We will con­tinue with the coun­try’s magic

The ANC meet­ing on Sunday is in many ways a gath­er­ing to af­firm SA’s great­ness

The Star Early Edition - - INSIDE -

THE PO­SI­TION South Africa finds it­self in 22 years into the birth of a new na­tion is truly re­mark­able if not un­likely, es­pe­cially given 400 years of dom­i­na­tion and op­pres­sion of one group by an­other.

Through hard work and per­se­ver­ance, we have all made South Africa a mag­i­cal place.

Our coun­try has be­come a bea­con of hope and op­por­tu­nity to so many who had been locked out­side look­ing in and we have be­come that bea­con of hope for con­ti­nen­tal Africa.

A day after April 27, 1994, South Africa went straight to work, buoyed by an ANC gov­ern­ment that had not rested a day in pur­suit of free­dom.

The ANC’s ded­i­ca­tion dou­bled once free­dom was at­tained. For ev­ery­where we looked, there was a lot of work to be done.

What bound the ANC and the na­tion to­gether was the abid­ing faith in the pos­si­bil­i­ties of a na­tion with a vi­sion and a sense of shared des­tiny.

The ANC, formed of the peo­ple, be­lieved that in a tol­er­ant na­tion, your race, your gen­der, your eth­nic­ity should never be a bar­rier to your suc­cess, or a rea­son for it. The ANC be­lieved that in a gen­er­ous na­tion, you did not have to be rich to go to the best schools.

The ANC knew that we owe a debt to all the African he­roes who laid down their lives in or­der to punch a hole in a bru­tal sys­tem and to all those who have con­trib­uted to build­ing a new na­tion.

This com­ing Sunday we will be cel­e­brat­ing this re­mark­able her­itage.

The ANC meet­ing on that day is in many ways a gath­er­ing to af­firm the great­ness of our na­tion. Not be­cause 40 per­cent of our youth who re­main un­em­ployed will sud­denly find work the fol­low­ing day. Not be­cause the mil­lions of fam­i­lies trapped in poverty will sud­denly be out of that poverty the fol­low­ing day, not be­cause we will house and clothe and heal and feed all South Africans in need, but our great­ness is en­shrined in our Bill of Rights, that not only are we aware of our prob­lems, but we have in­scribed them in our Con­sti­tu­tion so that we can re­lent­lessly pur­sue them and give our peo­ple a life of dig­nity.

In the past 20 years, we have put close to 8 mil­lion South Africans to work, we can put 8 mil­lion more to work in half the time in the next phase. We say that boldly and con­fi­dently, if we stick to our com­mit­ments.

Af­firm­ing our great­ness also means be­ing grate­ful for small mir­a­cles. The mil­lions of our chil­dren that are well fed, able to go to school; the free­dom of speech; the free­dom to start our own busi­nesses; the abil­ity to par­tic­i­pate in the po­lit­i­cal process, choose which ever po­lit­i­cal party we so wish with­out fears of ret­ri­bu­tion; all these are small mir­a­cles we do not take for granted. Our coun­try is there­fore in a split-screen.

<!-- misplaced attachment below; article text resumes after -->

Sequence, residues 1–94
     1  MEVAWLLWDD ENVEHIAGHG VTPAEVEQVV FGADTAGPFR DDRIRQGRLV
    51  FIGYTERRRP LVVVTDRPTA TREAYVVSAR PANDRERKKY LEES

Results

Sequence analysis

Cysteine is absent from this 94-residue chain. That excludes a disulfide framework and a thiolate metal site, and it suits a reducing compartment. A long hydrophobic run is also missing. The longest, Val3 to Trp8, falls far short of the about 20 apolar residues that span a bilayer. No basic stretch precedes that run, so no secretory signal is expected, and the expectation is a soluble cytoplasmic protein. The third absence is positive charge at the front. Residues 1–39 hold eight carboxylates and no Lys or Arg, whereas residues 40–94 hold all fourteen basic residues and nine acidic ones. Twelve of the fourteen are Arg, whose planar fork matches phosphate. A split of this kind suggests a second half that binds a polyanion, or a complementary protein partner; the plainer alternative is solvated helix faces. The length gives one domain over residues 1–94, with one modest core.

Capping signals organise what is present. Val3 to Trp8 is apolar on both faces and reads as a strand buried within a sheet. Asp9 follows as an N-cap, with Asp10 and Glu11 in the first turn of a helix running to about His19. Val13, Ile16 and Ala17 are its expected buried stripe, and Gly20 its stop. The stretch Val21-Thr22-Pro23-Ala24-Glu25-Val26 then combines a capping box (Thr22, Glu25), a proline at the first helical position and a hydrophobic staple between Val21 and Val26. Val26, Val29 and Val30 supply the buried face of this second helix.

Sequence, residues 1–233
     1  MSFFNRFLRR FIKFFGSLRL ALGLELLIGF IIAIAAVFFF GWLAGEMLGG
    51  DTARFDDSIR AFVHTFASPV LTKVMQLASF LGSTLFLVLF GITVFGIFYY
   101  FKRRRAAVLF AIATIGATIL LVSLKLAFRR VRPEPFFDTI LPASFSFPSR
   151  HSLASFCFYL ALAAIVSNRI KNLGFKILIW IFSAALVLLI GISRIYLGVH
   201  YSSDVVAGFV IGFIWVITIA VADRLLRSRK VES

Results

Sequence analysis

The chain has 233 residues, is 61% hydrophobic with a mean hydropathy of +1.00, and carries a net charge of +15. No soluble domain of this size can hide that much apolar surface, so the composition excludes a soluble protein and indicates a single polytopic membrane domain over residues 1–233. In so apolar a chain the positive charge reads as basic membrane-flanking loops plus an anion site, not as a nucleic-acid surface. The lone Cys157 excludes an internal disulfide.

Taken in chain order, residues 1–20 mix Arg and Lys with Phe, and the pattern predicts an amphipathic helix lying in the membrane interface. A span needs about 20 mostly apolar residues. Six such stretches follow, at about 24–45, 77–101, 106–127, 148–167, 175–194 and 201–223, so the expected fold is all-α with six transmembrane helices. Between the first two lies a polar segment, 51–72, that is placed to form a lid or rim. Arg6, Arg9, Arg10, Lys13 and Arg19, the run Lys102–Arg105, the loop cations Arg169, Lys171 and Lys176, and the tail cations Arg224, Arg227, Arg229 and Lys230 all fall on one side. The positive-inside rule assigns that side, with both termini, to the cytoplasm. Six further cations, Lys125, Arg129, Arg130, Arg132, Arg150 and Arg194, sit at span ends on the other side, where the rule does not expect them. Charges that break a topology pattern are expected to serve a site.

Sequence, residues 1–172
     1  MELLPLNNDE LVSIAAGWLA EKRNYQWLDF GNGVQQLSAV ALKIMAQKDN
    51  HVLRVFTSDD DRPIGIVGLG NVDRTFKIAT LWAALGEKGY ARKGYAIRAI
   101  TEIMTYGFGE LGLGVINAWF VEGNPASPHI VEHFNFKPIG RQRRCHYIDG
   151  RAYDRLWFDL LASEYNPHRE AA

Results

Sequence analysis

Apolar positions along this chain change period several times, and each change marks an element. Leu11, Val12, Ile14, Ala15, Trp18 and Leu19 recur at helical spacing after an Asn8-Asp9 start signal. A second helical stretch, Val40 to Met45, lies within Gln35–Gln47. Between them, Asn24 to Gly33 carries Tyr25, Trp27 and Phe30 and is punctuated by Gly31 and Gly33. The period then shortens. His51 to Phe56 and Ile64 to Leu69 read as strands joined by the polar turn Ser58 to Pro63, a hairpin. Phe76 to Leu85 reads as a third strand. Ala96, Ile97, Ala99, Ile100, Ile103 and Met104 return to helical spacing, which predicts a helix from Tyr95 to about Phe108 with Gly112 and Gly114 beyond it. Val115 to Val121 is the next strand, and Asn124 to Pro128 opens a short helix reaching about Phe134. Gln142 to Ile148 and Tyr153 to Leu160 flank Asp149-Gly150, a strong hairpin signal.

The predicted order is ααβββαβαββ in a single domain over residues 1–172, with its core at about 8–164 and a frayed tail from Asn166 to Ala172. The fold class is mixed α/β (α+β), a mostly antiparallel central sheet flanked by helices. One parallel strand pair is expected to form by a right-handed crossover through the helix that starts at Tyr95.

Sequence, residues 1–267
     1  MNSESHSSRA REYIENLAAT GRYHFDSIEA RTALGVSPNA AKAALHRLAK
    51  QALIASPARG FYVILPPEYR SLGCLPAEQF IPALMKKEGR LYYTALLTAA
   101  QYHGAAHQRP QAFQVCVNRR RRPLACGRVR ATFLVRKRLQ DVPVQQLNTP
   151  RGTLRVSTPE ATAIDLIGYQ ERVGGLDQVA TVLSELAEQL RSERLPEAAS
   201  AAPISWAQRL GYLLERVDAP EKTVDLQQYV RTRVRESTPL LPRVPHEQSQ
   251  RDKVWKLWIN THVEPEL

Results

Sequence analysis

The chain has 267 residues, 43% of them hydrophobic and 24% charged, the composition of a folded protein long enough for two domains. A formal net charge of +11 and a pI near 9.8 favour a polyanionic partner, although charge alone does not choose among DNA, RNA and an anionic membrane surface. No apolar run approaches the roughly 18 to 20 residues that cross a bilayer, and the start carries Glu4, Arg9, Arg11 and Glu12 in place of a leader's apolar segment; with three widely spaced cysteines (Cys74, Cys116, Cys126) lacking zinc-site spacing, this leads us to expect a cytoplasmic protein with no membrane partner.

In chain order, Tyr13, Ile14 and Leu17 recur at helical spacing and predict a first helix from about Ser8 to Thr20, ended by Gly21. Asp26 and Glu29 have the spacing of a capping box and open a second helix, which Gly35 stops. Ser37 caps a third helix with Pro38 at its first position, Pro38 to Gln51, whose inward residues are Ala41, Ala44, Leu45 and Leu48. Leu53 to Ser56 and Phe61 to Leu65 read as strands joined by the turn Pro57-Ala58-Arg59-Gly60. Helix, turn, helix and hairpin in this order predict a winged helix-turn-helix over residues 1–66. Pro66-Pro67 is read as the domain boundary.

On one side of the screen it is the coun­try as we wish it to be, and on the other it is our coun­try as it is. The gap has been clos­ing with each small act to­wards a more united and more pros­per­ous South Africa – this is the progress we are proud of.

In 2017 how­ever, at the 105th an­niver­sary of the ANC, we are called to re-eval­u­ate our jour­ney. To mea­sure our­selves against the stan­dards we have set our­selves and see how we mea­sure up. How do we mea­sure up to the legacy of OR? How do we mea­sure up to Madiba’s legacy? There is a pal­pa­ble re­al­ity that we have slipped from these lofty lega­cies. As a re­sult we have more work to do – to cre­ate jobs for our peo­ple, lift the stan­dard of our hos­pi­tals and our schools, to en­sure a child achieves good grades who has the drive and the ded­i­ca­tion and is able to go to any univer­sity with­out wor­ry­ing about money.

Our peo­ple know that the gov­ern­ment will not solve all their prob­lems. Par­ents have to teach their chil­dren how to learn; teach­ers must do their part with ded­i­ca­tion; but the gov­ern­ment must en­able peo­ple and give them the needed as­sis­tance to suc­ceed. Our gov­ern­ment has done this, but much more work needs to be done.

We started this glo­ri­ous bur­den of build­ing a new na­tion by earn­ing the re­spect of our peo­ple and the re­spect of the world. We dare never lose it.

It is not enough for just some of us to pros­per. The strug­gle of oth­ers, un­em­ploy­ment, poverty, home­less­ness, ill­ness, must mat­ter to us, even if it is not our re­al­i­ties. These are all our peo­ple and we are their lead­ers. South Africa is a na­tion at work and we must never grow weary in pur­su­ing the great­ness of our coun­try. There are of course those whose sole duty is to di­vide us. Those who abuse their in­flu­ence, the spin masters, the an­a­lysts, the bi­ased jour­nal­ists, the ed­i­tors seek­ing vain glory from cham­bers of ca­reer ap­plause, our mes­sage is clear to them.

They will not suc­ceed. We have al­ready been through worse. There will be one coun­try, liv­ing to­gether in har­mony, if it is the last thing we ac­com­plish.

In the end, that is what the cur­rent ANC chal­lenges are about. Do we par­tic­i­pate in pol­i­tics of cyn­i­cism or do we par­tic­i­pate in the pol­i­tics of a bet­ter ANC and a bet­ter coun­try? Let us meet at Or­lando Sta­dium on Sunday, January 8, to af­firm the great­ness of our na­tion.

It is not enough for just some of us to pros­per.

Yonela Diko is the spokesper­son of the ANC in the West­ern Cape.

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